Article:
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It was loud and messy in the pub. Football streamed over the bar, but we needed a pint after the stickmaking class.

I’ve always wanted to make a good shepherd’s crook, and the class is within walking distance of home. So I’d spent the evening shaping a tup’s horn and pressing it in a vice. By the time we were done, the turn-up of my trousers was filled with crispy filings like parmesan. I’m three weeks into this course, and I love the rasping file and the soft, pearly glow of keratin like mother of pearl. There’s no great mystery in making sticks; just infinite variety and space for the pursuit of perfection. I can see why some people are consumed by it.

But it’s thirsty work, so we sat and drank and each one of us wondered where we’d find the best hazel shanks to cut and dry for next year. I know a place, but I’m keeping it to myself. Then a man came in and staggered to the bar. He offered to buy us all a round, but he had to ask us twice because the football roared like a pig in a drum. Sticky chairs, and the light-flung fans of amber rum on the ceiling. There were photographs pinned behind the bar; fancy dress and folk at the civic week parade. Some of them were old and had round edges; some were new and blurred with thumbing. Beer mats damp at their edges; a dog sleeping as if somebody had killed it.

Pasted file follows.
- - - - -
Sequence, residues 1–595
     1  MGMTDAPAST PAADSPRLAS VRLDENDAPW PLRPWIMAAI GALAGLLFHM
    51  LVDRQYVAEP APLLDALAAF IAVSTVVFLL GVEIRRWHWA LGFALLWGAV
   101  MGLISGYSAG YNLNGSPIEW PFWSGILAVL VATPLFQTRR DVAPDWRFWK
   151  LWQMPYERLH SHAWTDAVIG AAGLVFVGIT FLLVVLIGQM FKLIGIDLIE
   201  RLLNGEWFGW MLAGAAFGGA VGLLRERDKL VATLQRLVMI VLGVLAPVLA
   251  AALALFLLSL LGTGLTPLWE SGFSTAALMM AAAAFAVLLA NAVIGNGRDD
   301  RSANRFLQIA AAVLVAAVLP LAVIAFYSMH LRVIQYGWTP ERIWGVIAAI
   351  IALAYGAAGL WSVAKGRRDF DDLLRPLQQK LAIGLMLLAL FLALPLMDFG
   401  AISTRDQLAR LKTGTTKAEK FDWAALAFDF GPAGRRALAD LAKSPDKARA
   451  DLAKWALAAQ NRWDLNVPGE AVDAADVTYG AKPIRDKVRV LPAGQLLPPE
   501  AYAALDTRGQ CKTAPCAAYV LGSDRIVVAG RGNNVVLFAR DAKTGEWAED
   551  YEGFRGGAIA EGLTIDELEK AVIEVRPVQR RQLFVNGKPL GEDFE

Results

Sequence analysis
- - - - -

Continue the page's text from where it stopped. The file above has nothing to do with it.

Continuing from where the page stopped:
Then out into the street again as if we’d been tipped. Rain swirled around the streetlamps and the wall-eyed shop-fronts. It pooled in the gutters and hissed in the wake of a passing truck. We talked and turned for home, and in the briefest pause of quiet between our steps, I heard redwings above us; the shrill, almost inaudible “theek” of thrushes moving in the darkness, easily missed in the curse and dribble of a wet town.

Redwings come to us from Scandinavia. They come in shoals under the cover of darkness, and the only forewarning is a shrill and gentle call in the night. Each year I mark it, but usually I have the silence of home on my side. I was lucky to catch the note of that bird with a bellyful of beer and some joke half-issued in my head.

Soon those birds will be obvious and abundant. Redwings will hang from every bough and berry-bearing branch in Galloway, and seeing them will strike me as a kind of boredom. But in a quarter inch of silence and the turn of unfallen rain, that first bird seemed to tap me on the shoulder with a word of Autumn.



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